Homemade Toasted Corn Nuts

As hinted at the end of my post about roasted garbanzo beans, I’ve embarked on using my roasting-toasting methods to make my own corn nuts.

First, I tried hominy.

Look, it’s even friends with garbanzo beans!

I used the same methods as garbanzo beans, but the hominy shrunk a crazy amount when toasted. What came out tastes corn-nutty, and looks like itty bitty baby corn nuts.

Seriously, these came out seriously small. Though I guess if you like feeling like a giant, you could use hominy for your corn-nutting needs. And on a side note, I don’t know that the term “corn-nutting needs” has ever been written before.

What to do? Well, if you’re me, you ask Dr. Google. And he’ll tell you that there are a couple of varieties of giant corn out there, and one of those varieties is what corn nuts are made from. So then, if you’re me, you ask Scott (who’s already going to Costco that day, and it’s just a little further to the local Hispanic supermarket) to go on a giant corn scouting mission. Then, if you’re me, you’re delighted at the bounty of giant corn he brings home.

Both bagged and canned! What a bonanza!

I decided to start with the bagged stuff. First off, just like with dry garbanzo beans, you have to soak them. I left my giant corn soaking for 24 hours, but I hear rumors that the people at Planters soak their giant corn for three days. Maybe I’ll try that next time, when I have more patience.

After the soaking comes the rinsing and drying — give them a good swirl in a colander, then pat them with paper towels. They don’t have to be bone-dry, just not soaking wet.

Then, just like the garbanzos, I tossed them with about three tablespoons of coconut oil. I then spread them on my non-stick foil-lined cookie sheet, and salted them.

I put on a glove, so I could thoroughly coat the kernels with oil. I’m also trying to make my way through this box of size-small gloves, because they’re a little TOO small. My hands always feel like sausage.

ANYhoo, spread them out on your non-stick surface, so they’re in a single layer. Again, set your oven to 375°.

This time, I timed my stir-and-mix sessions a bit differently. I started by letting them go for 20 minutes. Stir/mix. Then I set the timer for 15 minutes. Stir/mix. Then I went for 10 minutes. Still 45 minutes total, just divvied up oddly. It didn’t really make much difference, that I could tell.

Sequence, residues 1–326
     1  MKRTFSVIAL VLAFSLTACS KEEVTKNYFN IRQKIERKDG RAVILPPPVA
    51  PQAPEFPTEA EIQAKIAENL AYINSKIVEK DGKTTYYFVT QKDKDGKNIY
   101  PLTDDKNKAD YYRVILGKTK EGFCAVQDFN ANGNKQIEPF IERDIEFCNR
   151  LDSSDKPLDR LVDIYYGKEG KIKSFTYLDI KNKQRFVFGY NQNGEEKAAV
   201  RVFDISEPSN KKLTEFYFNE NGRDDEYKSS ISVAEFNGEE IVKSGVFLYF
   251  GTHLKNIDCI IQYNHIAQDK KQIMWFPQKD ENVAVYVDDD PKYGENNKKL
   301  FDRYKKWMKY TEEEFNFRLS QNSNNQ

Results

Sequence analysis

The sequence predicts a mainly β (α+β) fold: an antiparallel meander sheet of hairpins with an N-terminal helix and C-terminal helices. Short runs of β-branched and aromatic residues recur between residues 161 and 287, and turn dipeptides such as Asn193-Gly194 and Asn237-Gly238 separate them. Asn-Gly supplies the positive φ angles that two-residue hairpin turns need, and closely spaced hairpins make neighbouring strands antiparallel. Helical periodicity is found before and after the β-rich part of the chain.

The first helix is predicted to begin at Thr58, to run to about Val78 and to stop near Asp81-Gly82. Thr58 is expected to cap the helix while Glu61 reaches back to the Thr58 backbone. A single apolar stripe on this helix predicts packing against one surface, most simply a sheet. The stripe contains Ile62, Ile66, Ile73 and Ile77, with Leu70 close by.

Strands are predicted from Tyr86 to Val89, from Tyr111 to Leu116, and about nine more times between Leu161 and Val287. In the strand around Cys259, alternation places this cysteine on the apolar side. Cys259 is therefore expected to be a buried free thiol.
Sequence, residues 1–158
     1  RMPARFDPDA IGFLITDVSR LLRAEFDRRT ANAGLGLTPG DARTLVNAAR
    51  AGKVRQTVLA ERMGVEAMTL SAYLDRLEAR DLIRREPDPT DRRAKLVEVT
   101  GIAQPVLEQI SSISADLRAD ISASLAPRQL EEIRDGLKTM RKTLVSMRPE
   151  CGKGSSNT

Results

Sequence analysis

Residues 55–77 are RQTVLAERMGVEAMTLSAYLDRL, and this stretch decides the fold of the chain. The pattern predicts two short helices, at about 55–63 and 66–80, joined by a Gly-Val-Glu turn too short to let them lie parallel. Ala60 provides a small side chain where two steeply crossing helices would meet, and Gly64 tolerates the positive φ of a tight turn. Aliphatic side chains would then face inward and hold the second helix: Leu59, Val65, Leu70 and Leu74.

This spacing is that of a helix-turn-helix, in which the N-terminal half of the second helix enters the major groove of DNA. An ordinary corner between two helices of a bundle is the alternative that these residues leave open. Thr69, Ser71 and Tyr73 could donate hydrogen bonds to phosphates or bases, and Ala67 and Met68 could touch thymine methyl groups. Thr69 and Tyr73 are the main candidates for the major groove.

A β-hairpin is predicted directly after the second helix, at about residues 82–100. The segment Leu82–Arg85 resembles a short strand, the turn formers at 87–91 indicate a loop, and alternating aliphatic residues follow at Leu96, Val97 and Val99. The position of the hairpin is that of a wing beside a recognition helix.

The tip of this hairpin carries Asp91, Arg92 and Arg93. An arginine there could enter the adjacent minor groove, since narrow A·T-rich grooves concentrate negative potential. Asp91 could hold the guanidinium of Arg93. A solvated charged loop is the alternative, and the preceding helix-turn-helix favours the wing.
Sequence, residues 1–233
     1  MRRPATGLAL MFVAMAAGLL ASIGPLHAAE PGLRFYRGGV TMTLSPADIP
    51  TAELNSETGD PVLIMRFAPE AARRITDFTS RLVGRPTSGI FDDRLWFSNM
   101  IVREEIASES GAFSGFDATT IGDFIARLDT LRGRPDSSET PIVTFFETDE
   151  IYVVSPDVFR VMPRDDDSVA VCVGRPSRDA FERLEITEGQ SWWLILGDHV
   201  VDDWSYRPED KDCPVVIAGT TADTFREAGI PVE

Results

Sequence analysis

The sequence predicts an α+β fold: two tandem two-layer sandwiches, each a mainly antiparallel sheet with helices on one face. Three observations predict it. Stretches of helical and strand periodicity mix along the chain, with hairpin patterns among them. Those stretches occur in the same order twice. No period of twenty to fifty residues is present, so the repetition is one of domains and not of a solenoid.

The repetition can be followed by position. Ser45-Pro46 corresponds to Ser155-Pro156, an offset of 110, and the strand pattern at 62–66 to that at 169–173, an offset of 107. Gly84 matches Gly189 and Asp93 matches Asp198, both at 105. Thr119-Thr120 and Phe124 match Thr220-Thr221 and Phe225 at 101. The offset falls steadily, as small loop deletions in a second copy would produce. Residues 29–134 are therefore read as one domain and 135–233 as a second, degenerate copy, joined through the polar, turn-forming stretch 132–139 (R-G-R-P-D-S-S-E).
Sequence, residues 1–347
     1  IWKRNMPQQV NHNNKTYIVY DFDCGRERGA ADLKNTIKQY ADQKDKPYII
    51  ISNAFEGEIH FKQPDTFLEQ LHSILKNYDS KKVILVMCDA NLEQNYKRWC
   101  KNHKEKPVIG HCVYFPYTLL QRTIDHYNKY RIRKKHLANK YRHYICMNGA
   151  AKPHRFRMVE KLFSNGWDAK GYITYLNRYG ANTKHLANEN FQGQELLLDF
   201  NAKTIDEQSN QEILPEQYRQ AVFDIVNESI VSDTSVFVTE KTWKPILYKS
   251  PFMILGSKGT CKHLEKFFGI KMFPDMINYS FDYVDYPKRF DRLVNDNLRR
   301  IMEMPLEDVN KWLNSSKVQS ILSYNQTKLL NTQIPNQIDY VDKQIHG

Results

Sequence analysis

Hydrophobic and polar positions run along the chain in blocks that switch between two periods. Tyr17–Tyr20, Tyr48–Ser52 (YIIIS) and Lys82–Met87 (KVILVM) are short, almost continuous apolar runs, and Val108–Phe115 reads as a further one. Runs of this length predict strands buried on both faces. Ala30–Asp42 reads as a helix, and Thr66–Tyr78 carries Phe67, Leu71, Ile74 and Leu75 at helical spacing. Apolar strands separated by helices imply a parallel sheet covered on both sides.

Once they’re golden brown, put them on paper towels to get rid of the extra oil. Salt them more while they’re hot and oily, if you want more salt.

So how are they? Well, they’re very corn-nut-like. The flavor is a bit different from the packaged stuff, but it’s still really good. And the coconut oil gives them almost a movie-theater-popcorn vibe. There’s definitely more tinkering to be done — longer soaking of the dry corn, trying out the canned corn, maybe different cooking temperatures. But this first attempt is quite satisfactory.

Also, there was hardly any shrinkage. Unlike the hominy. And did you know that the back of the 2012 pennies was so pretty?

2 Comments

  • Tommy says:

    I believe hominy is big BECAUSE it has been soaked in “lime” (calcium carbonate). SO it makes sense it would return to its original size when dried… I will have to look for the big corn at my local hispanic markets.

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  • B says:

    Will try this out, thank you for posting your results. I just ate my way through a packet of corn nuts. Which I assume is the same as what we call here in the UK ‘roasted salted corn’.
    On a side note – UK coins of the 2012 variety have a pattern – if you turn them over, and then piece various coins together, they assemble like a jigsaw puzzle and create a picture. Maybe your one cent coin there is part of a big puzzle?
    Enjoy!

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